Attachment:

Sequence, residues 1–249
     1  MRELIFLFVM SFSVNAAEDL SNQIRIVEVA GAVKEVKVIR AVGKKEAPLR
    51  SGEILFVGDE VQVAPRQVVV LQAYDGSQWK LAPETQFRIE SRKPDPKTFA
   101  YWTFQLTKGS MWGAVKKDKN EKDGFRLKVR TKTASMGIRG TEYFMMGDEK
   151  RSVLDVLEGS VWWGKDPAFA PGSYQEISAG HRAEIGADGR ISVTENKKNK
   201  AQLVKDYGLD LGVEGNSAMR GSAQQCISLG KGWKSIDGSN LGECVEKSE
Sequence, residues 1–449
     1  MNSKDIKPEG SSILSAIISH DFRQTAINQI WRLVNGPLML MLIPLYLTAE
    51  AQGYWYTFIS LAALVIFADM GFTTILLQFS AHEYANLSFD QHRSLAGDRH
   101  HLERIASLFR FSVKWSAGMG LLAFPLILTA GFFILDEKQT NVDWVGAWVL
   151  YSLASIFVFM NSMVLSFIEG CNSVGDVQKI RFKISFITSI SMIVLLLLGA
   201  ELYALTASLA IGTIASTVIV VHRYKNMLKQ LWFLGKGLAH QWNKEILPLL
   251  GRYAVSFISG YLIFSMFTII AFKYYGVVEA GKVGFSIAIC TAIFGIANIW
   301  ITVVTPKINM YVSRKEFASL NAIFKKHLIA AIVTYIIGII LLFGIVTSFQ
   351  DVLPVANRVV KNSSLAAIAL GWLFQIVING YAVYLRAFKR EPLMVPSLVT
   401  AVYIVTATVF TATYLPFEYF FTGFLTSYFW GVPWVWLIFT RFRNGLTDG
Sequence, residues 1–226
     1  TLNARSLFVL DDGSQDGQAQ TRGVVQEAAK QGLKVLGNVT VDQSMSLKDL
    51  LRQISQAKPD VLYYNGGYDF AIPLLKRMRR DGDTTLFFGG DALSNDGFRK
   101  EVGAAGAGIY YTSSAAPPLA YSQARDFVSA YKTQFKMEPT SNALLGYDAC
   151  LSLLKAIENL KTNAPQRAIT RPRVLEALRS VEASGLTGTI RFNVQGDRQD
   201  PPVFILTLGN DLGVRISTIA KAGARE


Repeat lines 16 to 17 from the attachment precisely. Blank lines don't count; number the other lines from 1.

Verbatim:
   401  AVYIVTATVF TATYLPFEYF FTGFLTSYFW GVPWVWLIFT RFRNGLTDG
Sequence, residues 1–226